Hello! I'm back from a wonderful, challenging, beautiful and fascinating trip to Capitol Reef National Park. Over five days, 10 hikers/campers hiked almost 35 miles! I took about 600 photos. There were a lot of hikers in the park. And, the waterways (i.e. rivers, creeks and ponds) were pretty full. Eight of the ten hikers camped in Fruita Campgound and two slept in the luxury of a hotel in Torrey. All were happy with their accommodations even though temps were low at night. Deer wandered around the campground. You would think that they lived there! Nicely, the campground was located on the scenic drive that takes hikers down to Capitol Gorge and other trails like Pleasant Creek.
Morning sun on Chinle and Moenkopi rock Layers

Good Morning, Capitol Reef!

Two Sentinels - Fremont Cottonwood Trees - "Mail Trees" for the previous Fruita Residents

Info Sign
Hikes that will be reported on are:

Monday - Capitol Gorge to Tanks O&B

Tuesday - Cohab Canyon / Cassidy Arch / Grand Wash Point to Point 

Wednesday - Pleasant Creek West O&B

Thursday - Hickman Arch and Rim Overlook

Friday - Lower Calf Creek Falls (an Escalante hike we did on the way home)

Stay tuned

Beautiful and friendly Horses by the Campground

Fascinating deer herd at the Campground

Just letting you know who's boss!

Capitol Reef Trail Overview

Saturday, September 23, 2023

Hidden Canyon / Bighorn Spur Loop - 9/23/23

Early Morning Sun on the Bike Trails

It was Saturday so we headed up to the Buckskin Cliff Shadows (Equestrian, Bike and Hiking) Park found within the boundaries of Red Rock Canyon NCA on the northwest side of Las Vegas. It was a perfect morning to hike with cloud cover and cooler air. Our hike took us past the large cave at the base of Summerlin Peak, to the bottom of Hidden Canyon and up through the main wash. At this point, the wash is a good scramble with humongous boulders to conquer! Actually, we found the way around most of them but it was a good puzzle to solve. After the scramble, we climbed up to our right to an out-of-this-world overlook of the canyon and city beyond. Next, we dropped down to Blazing Saddle and connected with the Bighorn Spur Trail. This trail took us back toward the cars connecting with the Toque Trail running along the base of Cheyenne Peak. It was a good hike with a speedy pace!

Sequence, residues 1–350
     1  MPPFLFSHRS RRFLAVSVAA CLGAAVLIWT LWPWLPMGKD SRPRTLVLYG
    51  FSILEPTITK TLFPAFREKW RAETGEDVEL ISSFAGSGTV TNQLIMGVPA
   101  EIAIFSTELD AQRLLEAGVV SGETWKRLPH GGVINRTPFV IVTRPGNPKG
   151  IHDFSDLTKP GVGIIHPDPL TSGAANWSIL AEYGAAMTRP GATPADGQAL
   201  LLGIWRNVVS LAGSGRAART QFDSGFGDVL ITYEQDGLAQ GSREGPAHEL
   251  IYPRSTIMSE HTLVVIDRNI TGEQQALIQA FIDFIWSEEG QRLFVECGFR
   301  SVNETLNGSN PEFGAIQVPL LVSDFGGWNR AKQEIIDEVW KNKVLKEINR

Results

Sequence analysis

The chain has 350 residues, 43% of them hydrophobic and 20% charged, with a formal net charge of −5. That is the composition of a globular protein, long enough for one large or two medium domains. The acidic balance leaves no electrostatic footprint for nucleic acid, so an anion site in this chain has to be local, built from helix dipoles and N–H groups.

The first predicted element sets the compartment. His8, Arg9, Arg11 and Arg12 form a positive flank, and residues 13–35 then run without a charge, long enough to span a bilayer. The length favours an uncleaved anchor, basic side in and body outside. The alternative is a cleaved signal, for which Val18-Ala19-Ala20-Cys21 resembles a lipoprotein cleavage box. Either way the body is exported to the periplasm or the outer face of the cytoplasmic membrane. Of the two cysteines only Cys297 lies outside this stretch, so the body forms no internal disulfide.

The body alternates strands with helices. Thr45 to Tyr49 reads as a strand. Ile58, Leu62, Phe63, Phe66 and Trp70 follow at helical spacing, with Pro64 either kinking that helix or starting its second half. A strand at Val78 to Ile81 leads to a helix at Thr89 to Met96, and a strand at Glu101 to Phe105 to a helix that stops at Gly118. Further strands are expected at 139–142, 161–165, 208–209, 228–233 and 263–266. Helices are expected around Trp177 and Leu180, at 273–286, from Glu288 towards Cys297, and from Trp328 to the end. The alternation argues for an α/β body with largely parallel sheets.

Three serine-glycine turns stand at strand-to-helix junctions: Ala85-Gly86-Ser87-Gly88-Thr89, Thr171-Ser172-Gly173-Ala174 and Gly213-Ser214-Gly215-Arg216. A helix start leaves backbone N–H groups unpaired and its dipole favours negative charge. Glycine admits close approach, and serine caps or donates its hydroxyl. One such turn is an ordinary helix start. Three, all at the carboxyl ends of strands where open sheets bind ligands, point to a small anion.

Stats: 5.8 miles; 1000' gain; 3.25 hours

Tuesday, September 19, 2023

Keystone Canyon - 9/18/23

Section of the Keystone Thrust Fault with Turtlehead Peak in Background

View down from above Thrust Fault

The Red Rock Escarpment from the Keystone Thrust Trail

In the washed out Keystone Wash
Have you ever done Keystone Thrust Loop in the CCW direction? Five of us did this little jewel for a beautiful ride! However, there were amendments to the original adventure. We parked at the bottom of the White Rock Spring Road at the junction of the Scenic Loop MM6 and hiked down the Grand Circle Loop trail for ~0.4 miles. This section of the loop trail is extremely washed out from recent storms and we lost the trail twice. (... and, we have all been on this section of trail many times!) In fact, we turned up in the wrong wash since this one had also become wide and gravelly. Finding the Keystone wash left turn, we started up the very washed out wide wash that, now, has 4-6 foot walls. It doesn't look much like it did before the rains! The culvert that runs under the scenic loop road, is absolutely clear ... except for the upper end where there is a serious tangled root obstacle. We got through but it wasn't easy! Next, the wash became a little more messy but still interesting and fun.

This used to be flat terrain.

The Culvert

Rita and Ralyn in the wash above the Culvert

The Scramble appears the Same